About Us

Who Are We?

The Centre for Atmospheric Sciences was established in 1982 under the chairmanship of Prof. Roddam Narasimha. This became the Centre for Atmospheric and Oceanic Sciences in 1996. Owing to its interdisciplinary nature, over the years, the centre has attracted faculty and students from different branches of science and engineering. In addition its intellectual character, research in atmospheric and oceanic science addresses issues relevant to our society and our future. Through its history, the centre has received generous support from the Department of Ocean Development, the Department of Space, the Department of Science and Technology, the University Grants Commission and the Ministry of Human Resources Development.

Our research has revolved around the tropical climate with a focus on understanding the monsoon and its variability. For example, our analysis of data from rain gauges and satellites has helped in revealing the complex spatial and temporal structure of monsoon variability as well as the critical role played by clouds in modulating the tropical climate. In addition, we have used a hierarchy of numerical and analytical models to study atmosphere-ocean coupling over many timescales to help understand the factors that control this variability. At present the faculty in residence at the Centre have research interests that span the entire realm of atmosphere-ocean-climate science.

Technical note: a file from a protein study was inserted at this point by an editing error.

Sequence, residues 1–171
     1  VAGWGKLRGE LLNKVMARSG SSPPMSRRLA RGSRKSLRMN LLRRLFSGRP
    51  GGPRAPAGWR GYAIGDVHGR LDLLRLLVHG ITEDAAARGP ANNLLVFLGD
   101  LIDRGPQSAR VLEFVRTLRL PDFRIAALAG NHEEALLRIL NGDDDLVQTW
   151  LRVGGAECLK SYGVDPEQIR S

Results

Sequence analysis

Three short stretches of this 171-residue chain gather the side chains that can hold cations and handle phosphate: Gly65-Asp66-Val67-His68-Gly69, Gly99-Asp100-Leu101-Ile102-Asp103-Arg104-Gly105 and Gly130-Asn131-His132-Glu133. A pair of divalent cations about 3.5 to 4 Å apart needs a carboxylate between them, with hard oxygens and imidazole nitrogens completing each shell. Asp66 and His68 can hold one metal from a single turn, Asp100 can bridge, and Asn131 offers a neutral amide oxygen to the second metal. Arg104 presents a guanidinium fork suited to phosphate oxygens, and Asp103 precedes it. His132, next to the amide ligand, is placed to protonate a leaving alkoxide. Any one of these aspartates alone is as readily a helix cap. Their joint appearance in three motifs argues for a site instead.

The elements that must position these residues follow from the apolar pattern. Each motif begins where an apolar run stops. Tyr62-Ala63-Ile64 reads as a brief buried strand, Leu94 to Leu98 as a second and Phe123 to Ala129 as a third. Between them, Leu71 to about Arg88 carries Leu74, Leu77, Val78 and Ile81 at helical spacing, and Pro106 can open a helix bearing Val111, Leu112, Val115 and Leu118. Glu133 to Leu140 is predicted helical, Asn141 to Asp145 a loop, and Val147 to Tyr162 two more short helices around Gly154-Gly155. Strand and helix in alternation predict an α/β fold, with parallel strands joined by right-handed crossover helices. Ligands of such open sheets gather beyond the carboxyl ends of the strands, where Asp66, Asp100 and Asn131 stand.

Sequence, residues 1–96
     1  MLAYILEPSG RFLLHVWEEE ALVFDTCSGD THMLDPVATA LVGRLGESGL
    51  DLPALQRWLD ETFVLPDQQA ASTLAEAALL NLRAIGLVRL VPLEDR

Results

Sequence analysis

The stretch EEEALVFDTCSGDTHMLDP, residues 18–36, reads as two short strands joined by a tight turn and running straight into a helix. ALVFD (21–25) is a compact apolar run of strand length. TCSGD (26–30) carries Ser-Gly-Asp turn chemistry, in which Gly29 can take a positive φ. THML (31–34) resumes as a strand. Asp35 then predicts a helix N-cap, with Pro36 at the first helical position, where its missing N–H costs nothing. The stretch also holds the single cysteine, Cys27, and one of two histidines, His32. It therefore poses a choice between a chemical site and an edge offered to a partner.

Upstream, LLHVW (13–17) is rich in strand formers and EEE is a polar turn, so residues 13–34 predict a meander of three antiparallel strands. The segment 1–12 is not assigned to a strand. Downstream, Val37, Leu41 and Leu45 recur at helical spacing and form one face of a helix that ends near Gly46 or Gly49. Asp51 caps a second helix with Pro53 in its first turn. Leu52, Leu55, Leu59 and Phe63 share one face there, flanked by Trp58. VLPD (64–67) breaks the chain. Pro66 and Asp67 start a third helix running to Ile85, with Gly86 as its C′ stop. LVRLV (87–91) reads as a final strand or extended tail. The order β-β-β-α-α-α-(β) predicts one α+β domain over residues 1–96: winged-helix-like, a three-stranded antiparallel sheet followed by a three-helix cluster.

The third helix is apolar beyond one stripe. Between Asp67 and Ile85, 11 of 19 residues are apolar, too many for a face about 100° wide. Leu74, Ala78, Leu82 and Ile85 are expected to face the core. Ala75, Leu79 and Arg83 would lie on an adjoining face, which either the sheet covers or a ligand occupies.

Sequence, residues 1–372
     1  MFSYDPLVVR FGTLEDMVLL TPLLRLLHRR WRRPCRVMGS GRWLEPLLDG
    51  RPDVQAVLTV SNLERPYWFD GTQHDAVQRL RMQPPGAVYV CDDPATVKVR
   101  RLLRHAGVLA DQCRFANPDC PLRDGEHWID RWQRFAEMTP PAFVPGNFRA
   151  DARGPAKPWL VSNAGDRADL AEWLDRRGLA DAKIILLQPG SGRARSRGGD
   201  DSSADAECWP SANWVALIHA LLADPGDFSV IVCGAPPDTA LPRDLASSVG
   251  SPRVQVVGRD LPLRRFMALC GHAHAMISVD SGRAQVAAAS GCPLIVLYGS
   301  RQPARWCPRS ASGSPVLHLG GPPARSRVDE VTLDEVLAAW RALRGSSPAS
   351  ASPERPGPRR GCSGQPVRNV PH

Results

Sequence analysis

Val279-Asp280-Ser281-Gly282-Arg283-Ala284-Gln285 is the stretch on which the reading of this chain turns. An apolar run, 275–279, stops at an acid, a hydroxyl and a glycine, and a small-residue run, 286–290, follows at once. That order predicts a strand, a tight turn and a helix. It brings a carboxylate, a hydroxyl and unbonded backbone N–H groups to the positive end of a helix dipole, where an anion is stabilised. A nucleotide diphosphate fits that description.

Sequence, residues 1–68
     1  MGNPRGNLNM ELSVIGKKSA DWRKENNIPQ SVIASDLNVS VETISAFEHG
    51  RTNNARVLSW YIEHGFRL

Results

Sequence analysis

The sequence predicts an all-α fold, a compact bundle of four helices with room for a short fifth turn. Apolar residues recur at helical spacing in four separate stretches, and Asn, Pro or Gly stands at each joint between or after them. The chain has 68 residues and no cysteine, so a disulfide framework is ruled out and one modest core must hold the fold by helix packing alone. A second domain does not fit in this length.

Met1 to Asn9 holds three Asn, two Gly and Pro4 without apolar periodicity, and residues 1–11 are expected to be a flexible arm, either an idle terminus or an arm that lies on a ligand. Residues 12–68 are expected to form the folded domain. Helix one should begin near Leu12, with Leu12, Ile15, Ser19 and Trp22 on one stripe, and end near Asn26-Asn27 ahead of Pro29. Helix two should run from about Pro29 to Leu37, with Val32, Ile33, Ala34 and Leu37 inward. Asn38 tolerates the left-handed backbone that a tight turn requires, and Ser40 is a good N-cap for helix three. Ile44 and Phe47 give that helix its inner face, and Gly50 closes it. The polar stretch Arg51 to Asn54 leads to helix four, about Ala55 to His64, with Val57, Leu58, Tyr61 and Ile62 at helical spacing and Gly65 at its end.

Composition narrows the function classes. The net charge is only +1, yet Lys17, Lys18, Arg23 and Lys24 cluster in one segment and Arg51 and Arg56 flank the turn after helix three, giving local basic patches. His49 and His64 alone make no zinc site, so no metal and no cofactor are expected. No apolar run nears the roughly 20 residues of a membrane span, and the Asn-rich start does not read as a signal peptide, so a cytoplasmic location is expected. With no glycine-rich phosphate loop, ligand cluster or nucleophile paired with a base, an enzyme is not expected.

In a broader context, scientists in the Centre have provided leadership, support and have participated in national and international missions such as the Monsoon Trough Boundary Layer Experiment (MONTBLEX) in 1990, the Indian Climate Research Program (ICRP) in 1997 and the first major field experiment of ICRP in Bay OF Bengal in 1999 (BOMBEX). Recently, we have been involved in defining the scientific objectives of the Indo-French Megha-Tropiques satellite. We are also participating in the ongoing Cloud Aerosol Interaction and Precipitation Enhancement Experiment (CAIPEEX).

In view of a host of new observation platforms around India, sophisticated satellite data and and more powerful computational resources, the next decade promises to be an exciting one for atmospheric, oceanic and climate sciences. We welcome students and scientists to join us in this exciting venture!